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Taxing medical marijuana: could it cure Tucson’s budget crisis?

Taxing medical marijuana: could it cure Tucson’s budget crisis?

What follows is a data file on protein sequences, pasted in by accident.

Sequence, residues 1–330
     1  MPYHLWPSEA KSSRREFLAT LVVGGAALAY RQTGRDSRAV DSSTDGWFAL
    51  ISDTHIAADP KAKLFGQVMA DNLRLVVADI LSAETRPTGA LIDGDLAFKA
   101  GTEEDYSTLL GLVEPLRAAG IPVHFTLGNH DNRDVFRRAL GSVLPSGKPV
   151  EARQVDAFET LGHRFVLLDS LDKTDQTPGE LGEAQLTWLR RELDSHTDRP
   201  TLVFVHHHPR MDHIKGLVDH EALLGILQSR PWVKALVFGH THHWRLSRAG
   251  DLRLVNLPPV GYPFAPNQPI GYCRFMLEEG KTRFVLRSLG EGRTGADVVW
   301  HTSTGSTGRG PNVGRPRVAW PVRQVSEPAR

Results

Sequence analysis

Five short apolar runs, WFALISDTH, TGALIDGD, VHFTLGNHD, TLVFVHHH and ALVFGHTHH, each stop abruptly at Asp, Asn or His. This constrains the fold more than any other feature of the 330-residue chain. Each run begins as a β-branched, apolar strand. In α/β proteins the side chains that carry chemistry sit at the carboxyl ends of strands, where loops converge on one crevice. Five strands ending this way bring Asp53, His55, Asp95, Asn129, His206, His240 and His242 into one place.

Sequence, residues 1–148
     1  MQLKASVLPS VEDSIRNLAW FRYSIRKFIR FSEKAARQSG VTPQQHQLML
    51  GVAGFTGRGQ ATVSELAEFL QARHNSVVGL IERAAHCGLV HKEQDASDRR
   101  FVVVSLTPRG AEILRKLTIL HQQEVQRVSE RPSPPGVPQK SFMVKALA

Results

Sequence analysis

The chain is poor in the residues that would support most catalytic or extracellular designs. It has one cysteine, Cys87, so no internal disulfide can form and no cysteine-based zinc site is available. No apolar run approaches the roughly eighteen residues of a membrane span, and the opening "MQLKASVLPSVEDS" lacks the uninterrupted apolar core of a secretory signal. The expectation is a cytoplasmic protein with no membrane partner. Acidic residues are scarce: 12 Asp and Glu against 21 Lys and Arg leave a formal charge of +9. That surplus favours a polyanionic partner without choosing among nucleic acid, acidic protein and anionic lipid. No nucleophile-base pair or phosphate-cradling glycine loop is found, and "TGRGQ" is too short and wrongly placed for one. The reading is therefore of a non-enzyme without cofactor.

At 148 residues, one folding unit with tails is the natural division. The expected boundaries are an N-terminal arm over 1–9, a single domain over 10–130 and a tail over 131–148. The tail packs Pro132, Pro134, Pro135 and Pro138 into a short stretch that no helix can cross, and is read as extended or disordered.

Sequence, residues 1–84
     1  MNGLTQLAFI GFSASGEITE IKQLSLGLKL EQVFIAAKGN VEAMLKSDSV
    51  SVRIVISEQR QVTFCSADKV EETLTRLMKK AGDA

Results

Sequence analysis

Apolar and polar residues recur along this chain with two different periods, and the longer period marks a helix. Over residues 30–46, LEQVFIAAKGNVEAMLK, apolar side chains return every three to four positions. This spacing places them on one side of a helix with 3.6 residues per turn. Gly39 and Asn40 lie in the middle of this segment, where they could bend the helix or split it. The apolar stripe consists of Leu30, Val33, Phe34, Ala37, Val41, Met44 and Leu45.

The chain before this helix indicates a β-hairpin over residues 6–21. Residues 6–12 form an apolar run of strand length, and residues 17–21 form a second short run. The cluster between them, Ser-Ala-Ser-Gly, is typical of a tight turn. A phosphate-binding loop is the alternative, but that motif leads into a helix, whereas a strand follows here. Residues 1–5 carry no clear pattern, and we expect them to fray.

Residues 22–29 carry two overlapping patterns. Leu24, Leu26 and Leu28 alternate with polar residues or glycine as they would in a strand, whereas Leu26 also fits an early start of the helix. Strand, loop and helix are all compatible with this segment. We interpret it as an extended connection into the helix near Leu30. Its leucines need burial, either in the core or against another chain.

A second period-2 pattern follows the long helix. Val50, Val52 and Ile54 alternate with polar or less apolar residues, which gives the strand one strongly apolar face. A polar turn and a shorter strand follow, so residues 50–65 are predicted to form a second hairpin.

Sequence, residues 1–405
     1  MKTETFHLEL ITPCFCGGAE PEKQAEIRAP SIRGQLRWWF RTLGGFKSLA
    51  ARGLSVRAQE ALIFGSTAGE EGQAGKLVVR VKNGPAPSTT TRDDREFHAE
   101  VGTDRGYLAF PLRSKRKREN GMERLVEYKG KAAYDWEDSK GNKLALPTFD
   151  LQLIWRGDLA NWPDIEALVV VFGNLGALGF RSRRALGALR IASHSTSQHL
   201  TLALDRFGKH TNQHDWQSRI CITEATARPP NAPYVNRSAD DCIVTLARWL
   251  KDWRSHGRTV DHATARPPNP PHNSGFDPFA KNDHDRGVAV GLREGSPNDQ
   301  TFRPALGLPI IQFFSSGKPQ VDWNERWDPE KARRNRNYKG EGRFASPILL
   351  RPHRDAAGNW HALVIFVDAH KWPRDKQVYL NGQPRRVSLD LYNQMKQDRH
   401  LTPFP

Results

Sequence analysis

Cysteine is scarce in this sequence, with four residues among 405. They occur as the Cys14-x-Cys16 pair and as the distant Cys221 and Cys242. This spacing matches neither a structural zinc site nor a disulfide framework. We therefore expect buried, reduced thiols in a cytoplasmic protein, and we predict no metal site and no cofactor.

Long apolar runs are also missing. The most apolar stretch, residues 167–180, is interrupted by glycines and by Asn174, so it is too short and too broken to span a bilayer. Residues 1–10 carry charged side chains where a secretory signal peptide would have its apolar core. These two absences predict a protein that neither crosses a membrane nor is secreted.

The city of Tucson wants to charge a tax on medical marijuana sales. Some city leaders see it as a growing tax base. But is the city turning to pot to help blunt the budget crisis? At least one council member thinks so. Councilwoman Shirley Scott is pushing the city to charge a 2% sales tax on all medical marijuana sales as a way to help cure its budget woes. 9 On Your Side wanted to know if the city will then earmark the revenues strictly for funding more police and fire personnel. “Number one, it has not been decided that it can be taxed,” Scott said. “And number two, if it were to be taxed, it would go into the general fund. And perhaps if we decide to do so, we could tag all monies generated there to a specific purpose.” Deborah Van Sant, who wants to run her pharmacy as one of Arizona’s 124 medical marijuana dispensaries, is against the tax. 9OYS Reporter Steve Nuñez asked why she’s against taxing patients. Van Sant pointed out that patients currently don’t pay taxes on their other medications. The City of Tucson claims it can tax medical marijuana because according to the newly passed law, doctors can only recommend a patient use it for medicinal purposes. Van Sant said marijuana is medicine and argues that a doctor writing a recommendation is the same as writing a prescription. “What are we really trying to do? Healthcare,” said Van Sant. “We’re really trying to take care of the patient.” Still, 9OYS wanted to know if taxing pot could really turn into a bonus

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